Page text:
Reflection on Standards
Throughout my graduate program I developed a variety of artifacts, all aligned to the PSEL Standards for educational leadership. My reflection on each standard, including strengths and areas for further development are included on this page.
Growth & Strengths
Standard 1: Effective educational leaders develop, advocate, and enact a shared mission,
vision, and core values of high-quality education and academic success and
well-being of each student.
Determining an asset-based strength and vision for a building and district is a key component of my work as a program coordinator and advocate. Collaborative refinement of the vision has been an important component of my learning during my program and throughout my leadership experiences, as evidenced in the long-term Spanish Program Plan.
Standard 2: Effective educational leaders act ethically and according to professional norms to promote each student’s academic success and well-being.
In addition to learning the current laws and policies important to consider as an educational leader, coursework provided avenues of inquiry to further explore ways to lead and promote social justice and equity. This is especially evident in work around equity in special education, including the Steve Gill Process
Standard 3: Effective educational leaders strive for equity of educational opportunity and culturally responsive practices to promote each student’s academic success and well-being.
Considering the perspective and values of each stakeholder in the community is a cornerstone of reflective work. Leading to minimize and remove the predictability of a label on student success is a strength of mine through data interpretation and sharing. Using strategic questioning and resource curation and guidance supports all staff to champion equity for all students, both within the school and in the greater community.
Standard 4: Effective educational leaders develop and support intellectually rigorous and coherent systems of curriculum, instruction, and assessment to promote each student’s academic success and well-being.
Through collaborative efforts across the district and elementary school, a triad specialist model has been introduced and supported through data, professional learning, curriculum implementation, and peer-to-peer learning that has measurable impacts on students and is regularly evaluated during student success meetings.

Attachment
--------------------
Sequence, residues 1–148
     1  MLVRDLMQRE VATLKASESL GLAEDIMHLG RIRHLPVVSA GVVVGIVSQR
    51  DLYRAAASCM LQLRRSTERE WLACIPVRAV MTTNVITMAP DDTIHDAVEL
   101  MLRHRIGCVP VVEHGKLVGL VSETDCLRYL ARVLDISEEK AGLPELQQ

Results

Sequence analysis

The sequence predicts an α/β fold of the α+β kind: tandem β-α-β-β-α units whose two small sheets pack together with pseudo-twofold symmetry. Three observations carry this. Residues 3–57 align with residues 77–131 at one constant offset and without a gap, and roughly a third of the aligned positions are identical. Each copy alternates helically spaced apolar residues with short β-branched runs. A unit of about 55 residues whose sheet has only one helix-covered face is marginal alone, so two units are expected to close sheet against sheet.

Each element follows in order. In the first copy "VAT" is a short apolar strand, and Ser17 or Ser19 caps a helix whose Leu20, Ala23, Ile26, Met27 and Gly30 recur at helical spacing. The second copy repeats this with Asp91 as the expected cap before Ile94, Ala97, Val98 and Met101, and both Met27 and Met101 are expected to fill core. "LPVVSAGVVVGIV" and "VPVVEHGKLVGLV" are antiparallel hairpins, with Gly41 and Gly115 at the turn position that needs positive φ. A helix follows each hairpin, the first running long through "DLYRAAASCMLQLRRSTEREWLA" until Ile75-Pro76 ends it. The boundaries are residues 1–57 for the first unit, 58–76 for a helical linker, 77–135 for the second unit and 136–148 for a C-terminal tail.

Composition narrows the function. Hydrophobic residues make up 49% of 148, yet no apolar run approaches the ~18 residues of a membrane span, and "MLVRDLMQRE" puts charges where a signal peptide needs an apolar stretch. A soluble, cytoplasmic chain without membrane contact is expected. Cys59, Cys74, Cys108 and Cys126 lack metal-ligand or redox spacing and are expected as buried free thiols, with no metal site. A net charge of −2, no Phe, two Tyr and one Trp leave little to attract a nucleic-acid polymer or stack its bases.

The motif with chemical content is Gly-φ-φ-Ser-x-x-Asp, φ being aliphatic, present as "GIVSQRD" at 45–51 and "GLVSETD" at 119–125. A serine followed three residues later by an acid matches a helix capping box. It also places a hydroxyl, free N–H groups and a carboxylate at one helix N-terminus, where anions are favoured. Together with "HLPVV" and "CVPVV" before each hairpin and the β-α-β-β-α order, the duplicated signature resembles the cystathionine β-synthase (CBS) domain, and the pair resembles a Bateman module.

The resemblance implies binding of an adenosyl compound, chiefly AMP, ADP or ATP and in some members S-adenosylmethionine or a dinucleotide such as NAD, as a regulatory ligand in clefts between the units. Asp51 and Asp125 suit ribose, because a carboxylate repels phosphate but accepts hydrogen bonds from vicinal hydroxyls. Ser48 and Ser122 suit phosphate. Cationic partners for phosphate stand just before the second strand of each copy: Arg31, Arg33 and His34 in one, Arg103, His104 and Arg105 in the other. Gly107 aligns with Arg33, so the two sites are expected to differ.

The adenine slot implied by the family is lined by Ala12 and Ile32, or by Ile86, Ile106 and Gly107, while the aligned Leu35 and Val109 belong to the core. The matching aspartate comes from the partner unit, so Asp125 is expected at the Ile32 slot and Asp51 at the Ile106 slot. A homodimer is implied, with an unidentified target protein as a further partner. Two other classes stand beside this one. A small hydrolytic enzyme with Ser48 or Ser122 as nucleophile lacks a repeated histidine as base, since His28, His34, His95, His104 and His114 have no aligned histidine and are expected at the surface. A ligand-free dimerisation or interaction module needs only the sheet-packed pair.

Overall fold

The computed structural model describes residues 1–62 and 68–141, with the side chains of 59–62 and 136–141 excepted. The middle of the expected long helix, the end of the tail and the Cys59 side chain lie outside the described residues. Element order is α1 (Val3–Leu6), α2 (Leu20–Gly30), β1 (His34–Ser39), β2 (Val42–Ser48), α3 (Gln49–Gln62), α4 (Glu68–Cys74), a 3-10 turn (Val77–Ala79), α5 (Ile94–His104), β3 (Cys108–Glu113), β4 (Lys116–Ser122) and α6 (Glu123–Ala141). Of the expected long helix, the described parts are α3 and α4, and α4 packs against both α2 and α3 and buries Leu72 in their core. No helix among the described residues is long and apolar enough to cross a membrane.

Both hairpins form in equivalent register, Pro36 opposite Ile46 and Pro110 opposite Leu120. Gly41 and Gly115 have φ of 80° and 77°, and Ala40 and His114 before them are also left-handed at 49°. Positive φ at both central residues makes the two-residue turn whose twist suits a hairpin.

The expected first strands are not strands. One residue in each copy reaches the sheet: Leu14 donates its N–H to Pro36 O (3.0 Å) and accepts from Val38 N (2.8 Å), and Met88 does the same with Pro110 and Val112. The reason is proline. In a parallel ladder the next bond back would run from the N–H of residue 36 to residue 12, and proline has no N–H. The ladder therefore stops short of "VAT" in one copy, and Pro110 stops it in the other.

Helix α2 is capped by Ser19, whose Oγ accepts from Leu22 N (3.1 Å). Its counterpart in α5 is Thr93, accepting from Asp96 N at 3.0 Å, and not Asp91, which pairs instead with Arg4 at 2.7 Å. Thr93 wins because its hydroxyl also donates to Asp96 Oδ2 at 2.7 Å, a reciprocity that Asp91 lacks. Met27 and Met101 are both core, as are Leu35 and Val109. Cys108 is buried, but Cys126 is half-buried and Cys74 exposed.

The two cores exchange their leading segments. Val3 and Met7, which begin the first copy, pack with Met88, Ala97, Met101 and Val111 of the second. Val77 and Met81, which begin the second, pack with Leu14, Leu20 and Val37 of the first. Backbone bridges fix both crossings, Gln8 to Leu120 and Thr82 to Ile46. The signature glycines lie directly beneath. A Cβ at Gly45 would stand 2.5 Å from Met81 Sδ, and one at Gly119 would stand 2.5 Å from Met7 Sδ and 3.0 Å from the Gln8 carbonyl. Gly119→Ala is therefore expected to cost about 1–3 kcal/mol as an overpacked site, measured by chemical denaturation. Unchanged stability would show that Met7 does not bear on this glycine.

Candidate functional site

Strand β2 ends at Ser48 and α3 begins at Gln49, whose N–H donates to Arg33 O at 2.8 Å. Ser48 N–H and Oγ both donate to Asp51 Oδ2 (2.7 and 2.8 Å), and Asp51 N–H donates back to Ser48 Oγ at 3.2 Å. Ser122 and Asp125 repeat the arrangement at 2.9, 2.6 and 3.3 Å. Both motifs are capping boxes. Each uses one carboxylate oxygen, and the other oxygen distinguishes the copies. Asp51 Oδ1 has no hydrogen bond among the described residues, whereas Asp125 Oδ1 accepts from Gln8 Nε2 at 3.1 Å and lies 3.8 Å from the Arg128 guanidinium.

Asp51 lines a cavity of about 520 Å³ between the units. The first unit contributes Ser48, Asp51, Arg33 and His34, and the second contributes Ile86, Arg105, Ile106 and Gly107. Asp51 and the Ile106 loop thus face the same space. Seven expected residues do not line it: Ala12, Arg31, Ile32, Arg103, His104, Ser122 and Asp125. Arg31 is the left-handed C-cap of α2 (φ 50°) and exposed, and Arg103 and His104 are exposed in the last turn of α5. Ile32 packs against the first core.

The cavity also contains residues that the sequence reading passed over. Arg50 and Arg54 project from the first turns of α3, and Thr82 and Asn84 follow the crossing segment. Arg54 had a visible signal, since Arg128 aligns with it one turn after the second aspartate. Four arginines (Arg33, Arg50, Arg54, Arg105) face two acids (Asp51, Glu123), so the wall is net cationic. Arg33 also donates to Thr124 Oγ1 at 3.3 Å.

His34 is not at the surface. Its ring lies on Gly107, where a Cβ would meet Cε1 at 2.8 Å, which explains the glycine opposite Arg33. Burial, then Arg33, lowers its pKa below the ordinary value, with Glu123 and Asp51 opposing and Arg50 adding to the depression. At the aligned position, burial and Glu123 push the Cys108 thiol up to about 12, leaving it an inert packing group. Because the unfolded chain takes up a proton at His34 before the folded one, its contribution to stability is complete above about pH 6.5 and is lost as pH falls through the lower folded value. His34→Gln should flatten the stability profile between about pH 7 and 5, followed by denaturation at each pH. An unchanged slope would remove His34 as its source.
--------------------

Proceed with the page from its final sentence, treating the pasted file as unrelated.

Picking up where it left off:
Standard 5: Effective educational leaders cultivate an inclusive, caring, and supportive school community that promotes the academic success and well-being of each student.
By maintaining a laser-like focus on traditionally marginalized groups, including students of color, language learners, and teen moms, my artifacts demonstrate a passion for a creation of inclusive spaces for all students.
Standard 6: Effective educational leaders develop the professional capacity and practice of school personnel to promote each student’s academic success and well-being.
Using the lens of instructional coaching keeps each interaction with staff centered on core beliefs. Each professional development opportunity, both in and out of classrooms, is centered on students and based on on open-ended questions to support teachers in understanding their positionality and actions in each current situation and in how they'd like to elevate their work moving forward.
Standard 7: Effective educational leaders foster a professional community of teachers and other professional staff to promote each student’s academic success and well-being.
Creating collaborative teams and departments across buildings through shared learning and goals promotes professional communities of learning, like featured in my work in Dual Language, Spanish, Elementary Specialists, and the ELL department. These collaborative communities include not only classroom educators but also various levels of leadership.
Standard 8: Effective educational leaders engage families and the community in meaningful, reciprocal, and mutually beneficial ways to promote each student’s academic success and well-being.
By employing low-burden channels of feedback for various stakeholder groups, including families from traditionally excluded linguistic groups, all programs and plans are strengthened. This is accomplished through stakeholder feedback and listening campaigns that seek to understand rather than be understood.
Standard 9:Effective educational leaders manage school operations and resources to promote each student’s academic success and well-being.
An entire course focused on school finance as well as simulations and internship experiences centered on school operations has created a foundational knowledge for this topic. Moreover, it has it helped to foster a sense of inquiry around school finance that leads my learning, along with a variety of resources and contacts to support my learning.
Standard 10: Effective educational leaders act as agents of continuous improvement to promote each student’s academic success and well-being.
A passion for improving learning outcomes for students coupled with a focus on community assets has developed strengths in identifying areas of improvement in projects. Using this data in a way that inspires those in my sphere of influence to impact change has been a significant portion of my course work throughout the program and is evident in my artifacts, especially the comprehensive improvement plan.
Seeking Future Career Experiences That Include:
Creating, evaluating, and following budgets that maximize resources, including time, financial, and human, to cultivate collaborative learning communities that maximize student achievement.